How do we process pain?
Trauma comes in many flavors. I’m reminded this morning that one man’s demons is another man’s motivator. It’s fascinating to me….the psychology of how we process pain. How we justify in our minds that we are not worthy of love, how we justify how we are not worthy of healing….because we have done something that we think is wrong. Or because we have done something that we think goes against our moral core. Or that we have faced death and won…and didn’t feel that we should have won.
But the worst thing that I see with PTSD, and this is not specific to combat Vets…it’s just trauma in general….is the lack of self-worth. The feeling within the mind that one does not deserve to get better. The feeling that one is unique and that no one can understand or relate to our internal pain.
And this simply isn’t true. The person struggling with PTSD can’t see this themselves, they are in survival mode. They are just trying to function each day. They are trying to not think about how their father beat them when they were a child and made them feel worthless…they are trying to not think about when they rolled their car when they were drunk one night and their friend died…they are trying to not think about the night that they nearly died while giving birth to their child and returned home to lack of support from family…they are trying to not think about the man that they killed in war….whatever their personal internal trauma might be the motivation of that pain, of that self-loathing…that lack of self-care and lack of self-love is eating away at their very soul.
These Vets are not alone…I’ve had trauma and I’m a civilian. You have had trauma. You know someone that has had severe trauma. You likely know someone that struggles with sleep at night. You likely know someone that overeats, or has panic attacks, or self-medicates with drugs or alcohol, or who has major physical problems because their internal struggle surfaces in the form of physical manifestations. Trauma changes your life. It changes how you view day to day living. It changes how you love, work, and breathe. But there is hope. Medications can help to take the edge off so that you can move forward with talking about the pain you are feeling within. Talking….in the form of therapy…is incredibly therapeutic. By talking about the specific traumas, it helps to make them less impactful within the brain. It takes away their power. It takes away their hold on your heart and mind.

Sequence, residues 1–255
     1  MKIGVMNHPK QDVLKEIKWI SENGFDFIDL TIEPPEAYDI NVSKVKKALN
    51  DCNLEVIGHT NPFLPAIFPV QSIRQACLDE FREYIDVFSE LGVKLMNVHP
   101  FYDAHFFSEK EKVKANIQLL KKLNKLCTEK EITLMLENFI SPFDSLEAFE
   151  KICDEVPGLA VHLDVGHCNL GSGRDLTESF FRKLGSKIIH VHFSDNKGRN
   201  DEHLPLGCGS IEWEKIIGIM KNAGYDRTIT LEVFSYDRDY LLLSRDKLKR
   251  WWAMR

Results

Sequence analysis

Exercise is good for a traumatized brain…and for some that is doing leg lifts and arm lifts…for others it is jogging or the gym. Meditation and concentrated breathing is good for stress reduction and centering of one’s mind and body. Yoga is a beautiful thing for the mind/body. Friends and animals are helpful to connect us to those who care about us unconditionally.
But if you are feeling suicidal….if you are feeling like there is no where to turn. If you feel that the things happening in your head are too much. Reach out to us, reach out to a friend, reach out to a national hotline, or reach out to each other. We cannot face our own demons alone….we are stuck in that loop of not being able to see things clearly….only someone from the outside can aid us to come back to center…to heal and to move forward.
For civilians: 1800-273-8255
For Vets: 1-800-273-8255 and press 1 or text 838255
We are not islands….we are not so strong that we do not break. We are human beings, delicate souls struggling to understand our lives one day at a time. But we are NOT alone. And at Sarge’s Place, we give a darn about each and every person. And DO remember….you are incredibly brave and strong for reaching out. That takes more courage than keeping it within. That shows you are a stronger human being to say, something is not quite going right within me and I need help. Listen to that small voice asking for help…and reach out if you are in crisis
by Cheri Tinker